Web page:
Those who grew up within range of the analog 17 signal remember it first as local independent station WJAN-TV aimed at Canton, before its time as a religious outlet under PTL’s Jim Bakker, David Livingstone (where the current calls come from), and the current ownership of TBN.

Digital TV being what it is, the station still appears on digital tuners as channel 17. The original RF channel 17 gave Gannett NBC affiliate WKYC/3 in Cleveland an opening for a much more robust digital signal…and of course, digital tuners still show WKYC as channel 3, WEAO as channel 49, etc., but you know the drill if you read OMW at all…

STUDIO 0: We’ve been getting tips that it looks like Local TV LLC Fox affiliate WJW/8’s “Fox 8 News” has abandoned its “Studio 8” Akron bureau space in the food court of Fairlawn’s Summit Mall.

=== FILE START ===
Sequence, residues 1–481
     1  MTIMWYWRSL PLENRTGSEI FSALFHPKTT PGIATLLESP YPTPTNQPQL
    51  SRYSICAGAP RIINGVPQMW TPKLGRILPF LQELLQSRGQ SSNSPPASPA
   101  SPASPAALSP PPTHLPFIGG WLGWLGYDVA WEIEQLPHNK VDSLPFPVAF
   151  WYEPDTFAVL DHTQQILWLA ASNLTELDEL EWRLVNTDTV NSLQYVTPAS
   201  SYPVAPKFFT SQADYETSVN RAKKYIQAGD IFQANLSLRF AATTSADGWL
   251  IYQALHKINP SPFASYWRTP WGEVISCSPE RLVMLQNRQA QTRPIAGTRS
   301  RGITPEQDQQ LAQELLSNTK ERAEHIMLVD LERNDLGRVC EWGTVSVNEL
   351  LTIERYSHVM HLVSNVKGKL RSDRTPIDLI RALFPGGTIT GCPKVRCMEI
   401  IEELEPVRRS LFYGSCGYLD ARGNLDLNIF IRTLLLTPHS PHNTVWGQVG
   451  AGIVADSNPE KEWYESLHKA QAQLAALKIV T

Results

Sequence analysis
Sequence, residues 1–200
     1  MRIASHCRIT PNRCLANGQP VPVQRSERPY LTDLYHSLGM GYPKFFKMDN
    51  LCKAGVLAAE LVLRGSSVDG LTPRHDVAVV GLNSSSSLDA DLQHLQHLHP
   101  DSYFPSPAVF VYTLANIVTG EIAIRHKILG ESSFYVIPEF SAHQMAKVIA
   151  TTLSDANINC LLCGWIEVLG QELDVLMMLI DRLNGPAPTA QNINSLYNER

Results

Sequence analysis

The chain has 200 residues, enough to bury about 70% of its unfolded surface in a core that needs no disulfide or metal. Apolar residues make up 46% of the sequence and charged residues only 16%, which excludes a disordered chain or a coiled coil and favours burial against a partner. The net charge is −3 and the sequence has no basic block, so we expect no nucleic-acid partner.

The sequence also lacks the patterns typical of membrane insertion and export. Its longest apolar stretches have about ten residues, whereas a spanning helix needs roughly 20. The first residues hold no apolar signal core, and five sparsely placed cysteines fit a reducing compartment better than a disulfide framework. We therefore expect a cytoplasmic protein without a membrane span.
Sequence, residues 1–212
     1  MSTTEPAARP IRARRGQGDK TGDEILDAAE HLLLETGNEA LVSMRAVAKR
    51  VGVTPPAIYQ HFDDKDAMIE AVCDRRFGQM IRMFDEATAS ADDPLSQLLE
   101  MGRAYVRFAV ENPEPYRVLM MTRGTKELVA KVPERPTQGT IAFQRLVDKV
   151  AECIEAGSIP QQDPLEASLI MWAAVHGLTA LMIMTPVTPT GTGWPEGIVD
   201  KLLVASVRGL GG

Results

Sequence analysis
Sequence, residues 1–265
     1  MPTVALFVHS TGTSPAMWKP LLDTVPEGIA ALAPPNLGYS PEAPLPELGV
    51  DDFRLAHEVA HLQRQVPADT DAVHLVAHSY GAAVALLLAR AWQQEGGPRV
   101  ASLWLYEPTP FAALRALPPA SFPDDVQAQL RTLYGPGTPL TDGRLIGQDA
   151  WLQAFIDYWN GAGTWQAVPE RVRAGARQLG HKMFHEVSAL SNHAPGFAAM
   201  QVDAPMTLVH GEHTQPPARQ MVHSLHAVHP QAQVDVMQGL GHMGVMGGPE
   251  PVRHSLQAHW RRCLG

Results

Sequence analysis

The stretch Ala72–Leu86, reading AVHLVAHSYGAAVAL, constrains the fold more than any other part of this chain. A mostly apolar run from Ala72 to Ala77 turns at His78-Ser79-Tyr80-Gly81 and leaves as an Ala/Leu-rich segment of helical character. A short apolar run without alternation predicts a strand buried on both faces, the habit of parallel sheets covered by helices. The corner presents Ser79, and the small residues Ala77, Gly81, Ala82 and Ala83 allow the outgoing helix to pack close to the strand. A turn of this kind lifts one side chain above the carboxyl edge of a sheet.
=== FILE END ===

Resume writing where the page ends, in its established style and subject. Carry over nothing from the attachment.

We don’t know why yet, but OMW hears that “Studio 8” is indeed being abandoned by the folks on Dick Goddard Way.

“Fox 8 News” will obviously continue to cover Akron/Canton news, but we don’t know yet if they’re looking for new space in the Akron area, or if they’ll do the I-77 Shuffle between Cleveland and Akron/Canton.

Of the four local news operations in the Cleveland TV market, only Raycom CBS affiliate WOIO/19-MyNet affiliate WUAB/43’s “19 Action News” doesn’t have Akron area space. WKYC/3 is based out of the United Building on the corner of Main and Market in Akron (former home of “Akron/Canton News”, now shared with Western Reserve PBS and Kent State University’s WKSU/89.7), and WEWS/5 has its Akron bureau in the Akron Beacon Journal building…